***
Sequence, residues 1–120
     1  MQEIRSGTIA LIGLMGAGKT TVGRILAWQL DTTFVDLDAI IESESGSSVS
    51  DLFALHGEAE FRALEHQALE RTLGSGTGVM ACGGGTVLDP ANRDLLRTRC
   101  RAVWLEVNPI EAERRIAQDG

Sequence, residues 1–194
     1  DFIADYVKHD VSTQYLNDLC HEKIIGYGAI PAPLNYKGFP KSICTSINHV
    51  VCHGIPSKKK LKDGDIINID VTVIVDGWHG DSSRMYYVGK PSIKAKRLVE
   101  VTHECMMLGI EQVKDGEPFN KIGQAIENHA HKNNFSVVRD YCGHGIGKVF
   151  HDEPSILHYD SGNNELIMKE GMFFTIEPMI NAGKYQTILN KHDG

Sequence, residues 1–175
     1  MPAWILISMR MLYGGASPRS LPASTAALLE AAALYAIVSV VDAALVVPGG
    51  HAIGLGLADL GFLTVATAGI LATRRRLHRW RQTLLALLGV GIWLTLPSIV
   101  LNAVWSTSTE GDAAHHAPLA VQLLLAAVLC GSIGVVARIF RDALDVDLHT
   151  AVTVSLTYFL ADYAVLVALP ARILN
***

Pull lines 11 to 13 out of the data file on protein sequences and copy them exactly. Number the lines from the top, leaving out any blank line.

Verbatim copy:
     1  MPAWILISMR MLYGGASPRS LPASTAALLE AAALYAIVSV VDAALVVPGG
    51  HAIGLGLADL GFLTVATAGI LATRRRLHRW RQTLLALLGV GIWLTLPSIV
   101  LNAVWSTSTE GDAAHHAPLA VQLLLAAVLC GSIGVVARIF RDALDVDLHT